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Tokyo Olympics might be canceled due to COVID: official

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(Last Updated On: April 15, 2021)

A senior Japanese ruling party official said canceling this year’s Olympics in Tokyo remains an option if the coronavirus crisis worsens, Reuters reported.

This comes as a fourth wave of infections surges across the country in less than 100 days from the planned start of the Games.

“If it seems impossible to do it any more, then we have to stop, decisively,” Toshihiro Nikai, secretary-general of the Liberal Democratic Party, said in comments to broadcaster TBS.

Cancellation is “of course” an option, Nikai said. “If the Olympics were to spread infection, then what are the Olympics for?” he added.

Reuters reported that Nikai, a key supporter of Prime Minister Yoshihide Suga, is known for his frank comments, which come as many other ruling party lawmakers have avoided discussing the hot button issue of a possible cancellation.

The world’s biggest sporting event has already been delayed by a year and is being held without international spectators.

Japan is grappling with rising coronavirus infections, with numbers trending higher in Tokyo after the government ended a state of emergency, and Osaka suffering a record number of cases.

The government is pushing ahead with preparations incorporating social distancing measures and other restrictions for the Games set to begin on July 23, with a scaled back torch relay underway, Reuters reported.

“We’ll hold (the Games) in a way that’s feasible,” Taro Kono, a popular minister in charge of Japan’s vaccination drive, said on a separate TV programme, according to Kyodo News. “That may be without spectators,” he added.

Polls indicate little support in Japan for holding the Games during a global pandemic. “Canceling Olympics” was trending on Twitter in Japan on Thursday with more than 35,000 tweets from users.

“If this person says it, Olympics cancellation looks like a reality,” tweeted @marumaru_clm in reference to Nikai.

Olympic organisers, Japan’s national Olympic committee and the Tokyo government did not immediately respond to requests for comment.

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Eight killed in car bomb outside acting defense minister’s house

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(Last Updated On: August 4, 2021)

At least eight people were killed and more than 20 wounded on Tuesday night in a car bomb explosion outside the house of acting defense minister Bismillah Mohammadi, the Ministry of Interior confirmed Wednesday.

“At least eight people, including a woman, were killed and more than 20 others were injured in the car bomb attack,” the ministry said in a statement.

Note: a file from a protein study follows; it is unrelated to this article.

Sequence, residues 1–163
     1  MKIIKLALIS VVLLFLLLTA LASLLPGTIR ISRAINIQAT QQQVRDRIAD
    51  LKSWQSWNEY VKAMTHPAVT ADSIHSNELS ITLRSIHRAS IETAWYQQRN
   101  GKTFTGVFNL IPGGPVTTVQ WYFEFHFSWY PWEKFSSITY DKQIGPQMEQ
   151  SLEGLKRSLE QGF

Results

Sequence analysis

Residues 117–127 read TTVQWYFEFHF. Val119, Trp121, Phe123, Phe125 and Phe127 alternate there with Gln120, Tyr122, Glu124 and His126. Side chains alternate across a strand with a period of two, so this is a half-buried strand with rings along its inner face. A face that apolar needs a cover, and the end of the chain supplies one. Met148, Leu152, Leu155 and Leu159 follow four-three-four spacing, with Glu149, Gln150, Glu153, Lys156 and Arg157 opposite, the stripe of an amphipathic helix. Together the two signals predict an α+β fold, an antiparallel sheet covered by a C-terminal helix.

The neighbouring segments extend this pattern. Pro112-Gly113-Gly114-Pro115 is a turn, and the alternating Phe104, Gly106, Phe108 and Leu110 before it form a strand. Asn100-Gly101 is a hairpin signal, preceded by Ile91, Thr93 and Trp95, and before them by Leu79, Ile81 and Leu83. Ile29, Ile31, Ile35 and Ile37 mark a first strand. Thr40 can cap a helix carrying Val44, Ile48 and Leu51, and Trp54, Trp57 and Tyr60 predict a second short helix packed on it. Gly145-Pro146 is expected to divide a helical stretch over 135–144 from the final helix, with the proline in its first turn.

Immediately after the explosive-laden car was detonated, militants stormed the house.

A fire fight ensued, which lasted for five hours.

“The clash ended after five hours between special forces and fighters last night,” the statement said.

According to the ministry five attackers were reportedly involved in the incident.

The explosion happened in Sherpur, in PD10, and ripped through the city at about 8pm.

On Tuesday night officials said Mohammadi was safe.

Hours after the attack Mohammadi issued a video message and said he and his family were safe following a “terrorist attack” on his residence in Kabul.

He said some of his security guards had been wounded.

First Vice President Amrullah Saleh meanwhile met with Mohammadi in his office on Wednesday morning.

So far no group had claimed responsibility for the attack.

In addition to Tuesday night’s explosion, Kabul police confirmed an IED was detonated at about 08:15 on Wednesday morning, in PD10 in Kabul.

Police said two people were wounded in the incident.

President Ashraf Ghani has condemned the attack on the home of the acting defense minister and said that the Taliban’s war is about sedition and corruption and that a stand should be taken against such people according to divine instructions.

Ghani also said the show of support for the security forces seen over the last two days will continue in other parts of the country.

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Anti-corruption efforts need to be stepped up: UN report

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(Last Updated On: August 4, 2021)

Stepping up ongoing efforts to address corruption in Afghanistan remains critical, the UN said Wednesday in a new report.